This also relates to your last (very excellent) post on digital storytelling and creativity, which made a lot more sense on that front than a lot of the stuff I’ve been reading around it (again, from the aspect of computer games.) The question of narrative formation in digital content seems to me so central to the idea of this becoming-real or becoming a real participant in the network (although I don’t like the word network). I mean that obviously *storytelling* is important to digital storytelling, but also that the veil between the context and content has to be as thin as practicable.

    Aside: Do you see webcomics, games, animations, etc as connected to digital storytelling, or perhaps falling under its umbrella given certain circumstances?

    I see (web)comics as some of the most potent ways to directly and quickly form microscopic narratives that can be as pliable as their elements – but equally, ultimately limited in their scope and interaction with the world.

    I also want to thank you very much for the Justin Hall darknight clip link and its context, its connected a bunch of ideas for me. I enjoying writing my Justin Hall post so much I had a glass of cognac, which makes me a filthy nerd, but I will deal with that economy.

  2. “I enjoyed writing my Justin Hall post so much I had a glass of cognac, which makes me a filthy nerd, but I will deal with that economy.”

    I love that, Christian.

    Anyway, one long, thoughtful comment deserves another, so…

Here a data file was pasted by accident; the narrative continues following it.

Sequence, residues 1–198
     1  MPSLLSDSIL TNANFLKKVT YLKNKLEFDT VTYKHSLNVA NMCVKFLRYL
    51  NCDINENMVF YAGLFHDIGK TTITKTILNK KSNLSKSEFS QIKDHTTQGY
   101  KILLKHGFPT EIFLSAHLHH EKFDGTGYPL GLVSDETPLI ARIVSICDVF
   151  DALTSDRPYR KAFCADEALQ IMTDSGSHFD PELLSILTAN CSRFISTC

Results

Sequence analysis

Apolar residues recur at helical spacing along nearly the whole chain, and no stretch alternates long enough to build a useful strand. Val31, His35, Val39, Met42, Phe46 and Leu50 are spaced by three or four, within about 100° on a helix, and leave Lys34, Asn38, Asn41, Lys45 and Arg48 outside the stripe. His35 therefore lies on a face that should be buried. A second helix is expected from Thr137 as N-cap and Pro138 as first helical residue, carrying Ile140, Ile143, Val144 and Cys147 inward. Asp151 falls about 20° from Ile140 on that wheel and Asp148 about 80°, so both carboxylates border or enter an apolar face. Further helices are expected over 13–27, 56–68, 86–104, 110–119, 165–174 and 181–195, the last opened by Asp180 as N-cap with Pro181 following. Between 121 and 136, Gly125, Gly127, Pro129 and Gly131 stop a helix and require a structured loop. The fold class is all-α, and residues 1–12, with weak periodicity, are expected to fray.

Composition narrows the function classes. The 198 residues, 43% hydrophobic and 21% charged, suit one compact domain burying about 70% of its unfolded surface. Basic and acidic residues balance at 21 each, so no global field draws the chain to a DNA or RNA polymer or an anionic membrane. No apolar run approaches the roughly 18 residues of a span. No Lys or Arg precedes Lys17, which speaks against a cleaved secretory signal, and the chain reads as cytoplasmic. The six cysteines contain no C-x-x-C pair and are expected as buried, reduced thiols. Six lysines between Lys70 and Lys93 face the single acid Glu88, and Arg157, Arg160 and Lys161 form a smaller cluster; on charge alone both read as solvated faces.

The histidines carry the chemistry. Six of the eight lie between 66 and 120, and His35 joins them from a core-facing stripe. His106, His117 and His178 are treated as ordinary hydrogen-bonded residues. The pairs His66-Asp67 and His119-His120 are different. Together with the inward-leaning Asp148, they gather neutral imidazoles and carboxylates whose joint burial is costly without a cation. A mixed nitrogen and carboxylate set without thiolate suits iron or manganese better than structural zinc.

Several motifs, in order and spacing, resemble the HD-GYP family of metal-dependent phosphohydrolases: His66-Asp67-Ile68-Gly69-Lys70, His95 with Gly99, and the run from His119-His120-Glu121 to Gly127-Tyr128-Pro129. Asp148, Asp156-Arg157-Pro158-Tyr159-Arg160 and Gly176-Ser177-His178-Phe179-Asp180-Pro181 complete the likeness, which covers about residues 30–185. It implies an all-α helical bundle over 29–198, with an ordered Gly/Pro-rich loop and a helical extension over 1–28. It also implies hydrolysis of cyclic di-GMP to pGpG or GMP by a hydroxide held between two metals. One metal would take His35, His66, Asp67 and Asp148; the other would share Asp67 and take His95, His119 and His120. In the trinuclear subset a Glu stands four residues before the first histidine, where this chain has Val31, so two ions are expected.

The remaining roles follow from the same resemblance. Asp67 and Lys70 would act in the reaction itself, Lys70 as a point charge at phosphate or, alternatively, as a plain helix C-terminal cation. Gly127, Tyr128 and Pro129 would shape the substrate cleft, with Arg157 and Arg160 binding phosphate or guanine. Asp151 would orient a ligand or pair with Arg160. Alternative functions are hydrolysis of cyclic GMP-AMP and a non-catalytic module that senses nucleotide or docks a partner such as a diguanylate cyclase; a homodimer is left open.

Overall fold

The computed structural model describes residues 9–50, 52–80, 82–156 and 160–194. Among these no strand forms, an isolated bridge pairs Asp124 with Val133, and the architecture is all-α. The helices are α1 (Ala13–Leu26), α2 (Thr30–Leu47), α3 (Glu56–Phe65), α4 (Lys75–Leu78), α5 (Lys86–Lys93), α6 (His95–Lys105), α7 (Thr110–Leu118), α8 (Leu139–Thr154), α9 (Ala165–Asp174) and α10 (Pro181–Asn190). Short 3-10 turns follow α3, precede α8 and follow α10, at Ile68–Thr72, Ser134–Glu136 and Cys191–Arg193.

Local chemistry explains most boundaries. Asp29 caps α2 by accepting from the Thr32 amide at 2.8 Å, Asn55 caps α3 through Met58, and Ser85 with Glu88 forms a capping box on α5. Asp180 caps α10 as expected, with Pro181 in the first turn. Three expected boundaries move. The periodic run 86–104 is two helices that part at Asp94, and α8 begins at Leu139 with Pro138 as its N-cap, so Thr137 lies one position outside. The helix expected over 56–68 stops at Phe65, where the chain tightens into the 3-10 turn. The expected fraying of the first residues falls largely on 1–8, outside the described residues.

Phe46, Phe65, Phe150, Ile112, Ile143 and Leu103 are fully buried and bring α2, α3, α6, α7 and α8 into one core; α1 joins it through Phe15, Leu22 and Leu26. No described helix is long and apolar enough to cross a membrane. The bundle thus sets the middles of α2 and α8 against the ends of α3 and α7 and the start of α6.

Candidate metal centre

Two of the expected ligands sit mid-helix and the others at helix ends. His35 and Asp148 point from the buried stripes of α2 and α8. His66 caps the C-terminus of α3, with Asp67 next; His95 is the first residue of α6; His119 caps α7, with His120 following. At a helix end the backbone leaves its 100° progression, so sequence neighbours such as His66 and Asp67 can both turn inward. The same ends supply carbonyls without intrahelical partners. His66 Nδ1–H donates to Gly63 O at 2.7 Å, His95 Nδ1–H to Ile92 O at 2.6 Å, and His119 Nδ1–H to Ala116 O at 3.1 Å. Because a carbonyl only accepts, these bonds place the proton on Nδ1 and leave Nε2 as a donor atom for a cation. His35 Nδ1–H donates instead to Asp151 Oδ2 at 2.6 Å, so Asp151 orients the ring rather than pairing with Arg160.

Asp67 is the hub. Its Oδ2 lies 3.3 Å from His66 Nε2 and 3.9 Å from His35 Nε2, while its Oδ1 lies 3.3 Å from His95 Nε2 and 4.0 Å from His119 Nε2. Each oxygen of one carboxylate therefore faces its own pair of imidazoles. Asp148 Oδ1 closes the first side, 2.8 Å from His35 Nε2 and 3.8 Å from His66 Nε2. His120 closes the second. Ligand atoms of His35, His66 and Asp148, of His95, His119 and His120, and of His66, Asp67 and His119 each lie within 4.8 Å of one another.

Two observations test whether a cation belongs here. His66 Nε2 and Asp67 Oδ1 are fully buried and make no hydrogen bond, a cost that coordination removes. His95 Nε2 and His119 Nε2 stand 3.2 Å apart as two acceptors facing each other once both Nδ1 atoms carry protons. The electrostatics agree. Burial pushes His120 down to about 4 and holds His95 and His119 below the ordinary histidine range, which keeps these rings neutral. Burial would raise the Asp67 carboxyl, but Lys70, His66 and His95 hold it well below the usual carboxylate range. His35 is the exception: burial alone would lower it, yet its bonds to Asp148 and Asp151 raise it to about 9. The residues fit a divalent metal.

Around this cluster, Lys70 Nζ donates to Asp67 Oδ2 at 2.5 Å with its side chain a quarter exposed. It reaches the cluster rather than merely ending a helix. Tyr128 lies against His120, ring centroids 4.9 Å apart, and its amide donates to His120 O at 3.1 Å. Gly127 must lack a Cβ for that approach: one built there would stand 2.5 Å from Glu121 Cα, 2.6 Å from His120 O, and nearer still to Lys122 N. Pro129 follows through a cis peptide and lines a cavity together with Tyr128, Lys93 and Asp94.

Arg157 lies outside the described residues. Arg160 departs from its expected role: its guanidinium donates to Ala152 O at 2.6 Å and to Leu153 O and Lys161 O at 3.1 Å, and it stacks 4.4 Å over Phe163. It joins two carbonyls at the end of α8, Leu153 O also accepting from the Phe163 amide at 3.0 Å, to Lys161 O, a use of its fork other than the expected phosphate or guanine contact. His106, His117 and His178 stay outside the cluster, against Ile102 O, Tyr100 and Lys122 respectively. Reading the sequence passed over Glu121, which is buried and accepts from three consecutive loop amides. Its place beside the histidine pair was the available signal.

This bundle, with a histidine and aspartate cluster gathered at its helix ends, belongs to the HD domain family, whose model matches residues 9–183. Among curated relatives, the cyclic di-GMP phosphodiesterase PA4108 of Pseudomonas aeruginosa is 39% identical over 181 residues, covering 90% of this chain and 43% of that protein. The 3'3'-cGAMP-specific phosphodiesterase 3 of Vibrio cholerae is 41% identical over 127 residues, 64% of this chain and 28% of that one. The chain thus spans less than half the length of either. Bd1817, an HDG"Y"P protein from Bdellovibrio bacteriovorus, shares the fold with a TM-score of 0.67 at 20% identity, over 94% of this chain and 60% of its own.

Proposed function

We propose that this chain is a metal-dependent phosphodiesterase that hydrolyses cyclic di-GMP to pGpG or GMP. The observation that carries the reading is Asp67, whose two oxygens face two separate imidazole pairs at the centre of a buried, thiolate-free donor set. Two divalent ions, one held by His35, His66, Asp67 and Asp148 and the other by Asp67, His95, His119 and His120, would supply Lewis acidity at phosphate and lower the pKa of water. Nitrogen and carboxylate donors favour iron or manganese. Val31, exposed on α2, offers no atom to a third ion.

I should be clearer all the time when i talk about digital storytelling – I know it’s a term that has been used for ages to refer to narrative that is somehow transformed by digital technology, or that seeks to explore the ‘new’ potential of digital technology (ala first-wave ‘hypertext’ theory).

    When I use it, I’m talking about the specific mode of production associated with the BBC – http://wwww.bbc.co.uk/digitalstorytelling – and the center for digital storytelling in california http://www.storycenter.org/

    The context I place it in is (perhaps predictably) more to do with modes of production, who has access to those modes of production, how the stories are shaped by that context, etc. etc. than it is to do with textuality and narrative – so its cousins might be “community” media (although i have more problems with that word than even ‘network’); DIY culture; the everyday vernacular modes of storytelling (the lowest of lo-fi media), showing off the family album, slide nights, and so on.

    I do think web comics are very interesting (although they seem to have slipped below my radar lately somehow – is that just me?)

    And games are interesting from a participatory media point of view – I don’t know enough about the narratology side of it, but I do know a bit about the ludology side.

    And that’s a great quote from Spooky – am SOOOOOOO jealous he went to Sydney and not here (please, nobody tell me he came here and I didn’t even know – would die Bridget Jones style death of a thousand drunken power ballads).